Mikah Arvidson had been excited all month to go trick-or-treating dressed up as Master Chief from his favorite video game Halo.
But, on Halloween night, the six-year-old was complaining that he wasn't feeling well and didn't want to go anymore.
His parents, Blake and Aubrey, assumed their youngest son had caught a 24-hour stomach bug but, after three days of constant vomiting and Mikah complaining of abdominal pain, they rushed him to the emergency room.
Doctors discovered 14 tiny magnets were inside his small intestines had perforated the lining and were leaking bile into his stomach.
That's when the first-grader, from Sandy, Utah, told his parents he had been secretly playing with his brother's fidget toy - but when his brother walked in on him, he rushed to hide them in his mouth, inadvertently swallowing them.
Two weeks on, Mikah remains hospitalized, unable to eat or drink anything and having undergone three surgeries as doctors work to repair the damage.
Aubrey told DailyMail.com that it was around 8pm on Halloween that Mikah vomited him for the first time.
'He kept saying: "I don't feel good, I don't feel good, my stomach hurts", ' she said. 'He kept vomiting every 30 minutes and then kept throwing up about once an hour through the next day.'
Over the next three days, Mikah was complaining of pain his abdomen, unable to keep food or water down, and was too weak to walk.
On November 3, realizing that he was dehydrated, his parents rushed him to the emergency room of Primary Children's Hospital in Salt Lake City.
Doctors gave Mikah pain medication and started an IV, drew his blood and performed an X-ray.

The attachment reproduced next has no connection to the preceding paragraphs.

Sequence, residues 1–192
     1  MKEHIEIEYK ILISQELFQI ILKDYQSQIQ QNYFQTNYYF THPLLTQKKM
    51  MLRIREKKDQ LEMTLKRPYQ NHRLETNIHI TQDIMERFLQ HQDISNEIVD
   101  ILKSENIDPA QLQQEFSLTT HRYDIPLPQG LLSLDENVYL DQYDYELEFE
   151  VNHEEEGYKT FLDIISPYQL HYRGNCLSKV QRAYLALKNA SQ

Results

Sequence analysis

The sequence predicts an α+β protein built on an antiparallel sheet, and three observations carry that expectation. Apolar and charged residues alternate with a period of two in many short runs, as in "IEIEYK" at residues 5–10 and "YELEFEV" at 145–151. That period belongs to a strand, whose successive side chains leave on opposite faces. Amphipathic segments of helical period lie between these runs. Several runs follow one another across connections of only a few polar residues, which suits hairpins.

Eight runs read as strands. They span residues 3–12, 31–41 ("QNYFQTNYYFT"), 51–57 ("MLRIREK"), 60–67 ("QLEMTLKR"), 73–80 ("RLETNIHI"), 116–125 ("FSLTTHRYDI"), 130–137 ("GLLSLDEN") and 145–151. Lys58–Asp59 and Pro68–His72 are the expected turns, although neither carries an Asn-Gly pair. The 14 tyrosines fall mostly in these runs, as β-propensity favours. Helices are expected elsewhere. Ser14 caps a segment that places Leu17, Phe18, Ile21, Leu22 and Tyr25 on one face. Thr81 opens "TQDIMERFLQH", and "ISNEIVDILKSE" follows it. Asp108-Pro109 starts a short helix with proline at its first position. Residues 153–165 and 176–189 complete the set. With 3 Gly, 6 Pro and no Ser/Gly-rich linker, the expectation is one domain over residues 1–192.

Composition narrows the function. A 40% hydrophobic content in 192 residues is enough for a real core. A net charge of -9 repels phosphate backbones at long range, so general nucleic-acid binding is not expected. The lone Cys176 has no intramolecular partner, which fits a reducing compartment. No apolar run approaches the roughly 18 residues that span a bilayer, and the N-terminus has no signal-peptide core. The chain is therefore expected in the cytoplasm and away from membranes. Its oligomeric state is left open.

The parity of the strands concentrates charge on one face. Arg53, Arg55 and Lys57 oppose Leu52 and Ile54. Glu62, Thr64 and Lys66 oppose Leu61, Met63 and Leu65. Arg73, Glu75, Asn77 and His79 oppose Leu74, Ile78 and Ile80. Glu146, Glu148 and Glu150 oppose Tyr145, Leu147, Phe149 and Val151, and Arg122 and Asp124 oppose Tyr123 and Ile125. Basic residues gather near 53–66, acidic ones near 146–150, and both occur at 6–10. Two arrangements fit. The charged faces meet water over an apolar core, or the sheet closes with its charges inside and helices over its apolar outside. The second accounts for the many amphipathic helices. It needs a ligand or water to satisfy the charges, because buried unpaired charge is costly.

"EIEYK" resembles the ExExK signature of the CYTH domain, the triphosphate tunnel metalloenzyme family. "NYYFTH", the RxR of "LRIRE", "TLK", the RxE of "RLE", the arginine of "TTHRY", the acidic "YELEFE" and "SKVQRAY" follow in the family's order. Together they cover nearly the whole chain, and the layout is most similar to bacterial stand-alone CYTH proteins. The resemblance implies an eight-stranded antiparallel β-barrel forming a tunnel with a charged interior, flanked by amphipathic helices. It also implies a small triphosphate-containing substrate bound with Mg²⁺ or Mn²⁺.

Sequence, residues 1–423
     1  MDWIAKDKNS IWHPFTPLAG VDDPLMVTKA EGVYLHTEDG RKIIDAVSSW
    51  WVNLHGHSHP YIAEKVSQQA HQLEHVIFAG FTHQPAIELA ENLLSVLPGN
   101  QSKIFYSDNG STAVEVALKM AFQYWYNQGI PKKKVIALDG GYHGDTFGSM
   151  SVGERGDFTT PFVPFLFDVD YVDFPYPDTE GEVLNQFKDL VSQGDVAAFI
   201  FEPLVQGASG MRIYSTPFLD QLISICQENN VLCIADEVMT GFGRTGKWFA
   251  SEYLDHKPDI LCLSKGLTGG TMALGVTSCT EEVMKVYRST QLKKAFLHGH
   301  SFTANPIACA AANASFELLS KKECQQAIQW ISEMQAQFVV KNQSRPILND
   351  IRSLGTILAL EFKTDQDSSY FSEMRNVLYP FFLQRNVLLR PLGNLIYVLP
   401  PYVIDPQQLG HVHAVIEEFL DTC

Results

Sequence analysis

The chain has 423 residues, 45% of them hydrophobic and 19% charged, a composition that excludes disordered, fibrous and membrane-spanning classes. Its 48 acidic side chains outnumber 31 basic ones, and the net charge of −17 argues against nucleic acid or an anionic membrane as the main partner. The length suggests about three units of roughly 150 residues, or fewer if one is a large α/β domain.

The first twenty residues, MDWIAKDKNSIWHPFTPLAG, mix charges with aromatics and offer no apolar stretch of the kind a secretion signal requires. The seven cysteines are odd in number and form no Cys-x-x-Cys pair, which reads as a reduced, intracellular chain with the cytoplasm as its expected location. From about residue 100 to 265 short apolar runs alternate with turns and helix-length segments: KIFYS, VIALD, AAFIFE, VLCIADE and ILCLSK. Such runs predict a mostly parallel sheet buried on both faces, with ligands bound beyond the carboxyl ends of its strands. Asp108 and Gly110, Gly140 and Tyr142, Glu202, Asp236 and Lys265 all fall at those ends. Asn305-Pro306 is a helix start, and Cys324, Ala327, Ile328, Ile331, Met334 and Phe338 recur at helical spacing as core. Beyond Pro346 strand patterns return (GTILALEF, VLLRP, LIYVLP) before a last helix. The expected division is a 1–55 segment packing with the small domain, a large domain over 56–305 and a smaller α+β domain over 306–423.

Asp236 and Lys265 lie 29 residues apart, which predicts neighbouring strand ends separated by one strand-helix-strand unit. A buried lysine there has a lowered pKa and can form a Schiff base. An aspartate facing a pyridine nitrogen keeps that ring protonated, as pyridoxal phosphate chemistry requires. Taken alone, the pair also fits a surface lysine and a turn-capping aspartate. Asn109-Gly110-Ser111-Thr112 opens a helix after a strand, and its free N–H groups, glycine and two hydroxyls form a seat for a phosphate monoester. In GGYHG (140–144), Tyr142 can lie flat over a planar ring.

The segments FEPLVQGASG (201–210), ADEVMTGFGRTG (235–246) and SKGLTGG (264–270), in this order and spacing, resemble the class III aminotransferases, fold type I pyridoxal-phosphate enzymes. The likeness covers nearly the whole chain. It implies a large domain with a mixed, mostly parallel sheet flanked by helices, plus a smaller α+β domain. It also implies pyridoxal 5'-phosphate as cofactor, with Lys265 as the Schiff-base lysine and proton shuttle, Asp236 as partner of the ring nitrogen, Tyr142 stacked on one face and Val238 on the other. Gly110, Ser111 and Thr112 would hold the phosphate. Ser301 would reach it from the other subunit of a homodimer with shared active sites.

'When they did the first X-ray, they were like: "Does he have a zipper on his pants because something is showing up on the screen?"' Aubrey said.
'So they redid the X-ray and it was still there, and the whole feeling in the room was of panic.'
Doctors rushed Mikah into emergency surgery, where they discovered the 'zipper' was actually 14 magnets, each no bigger than the size of a pinhead.
The magnets had clumped together in his small intestine and perforated it, leaking bile into his abdomen.
It turned out the magnets were Zen Magnets, also known as neodymium magnets, which are small spheres that have been marketed as educational toys.
Aubrey and Blake had bought them as a fidget toy for their oldest son Kurtis, 11, who has ADHD.
Mikah later told his parents that he had gone into his brother's room and was playing with the Zen Magnets. He had hid them in his mouth when his brother walked in.
'He told us he swallowed them but thought it was only or two and didn't think anything of it, so he just forgot,' Aubrey said.
'I was in disbelief that my six-year-old would swallow something and not tell me. We were in complete horror that they were sitting inside of him for three days.'
Mikah has undergone three surgeries so far to repair the damage done to his intestines, hasn't eaten or drank anything since Halloween, and has had high fevers every single day.
He also told his mother that he wanted to warn other children about his experience.
'He's told me: "Mommy I wish I could go back in time and ask my brother if I could play with his toys and I hope I can tell all the kids in the city not to do this",' Aubrey said.
Aubrey recorded three messages from Mikah on her phone and posted them online.
An investigation from the US Consumer Product Safety Commission (CPSC) in 2012 found an increase in young children and teens ingesting the magnets since 2009.
A lawsuit filed by the CPSC in 2014 resulted in the ban of Zen Magnets and a similar product, Buckyballs
In November 2016, however, the US Court of Appeals for the Tenth Circuit reversed the ruling in favor of Zen Magnets because only Buckyballs had ever issued a recall of their products.
'These magnets are dangerous and, with Christmas coming, we don't want these to become a stocking stuffer,' Aubrey said.
Family friends have set up a GoFundMe page to help the family cover Mikah's medical bills.
So far, more than $1,600 has been raised out of a $10,000 goal.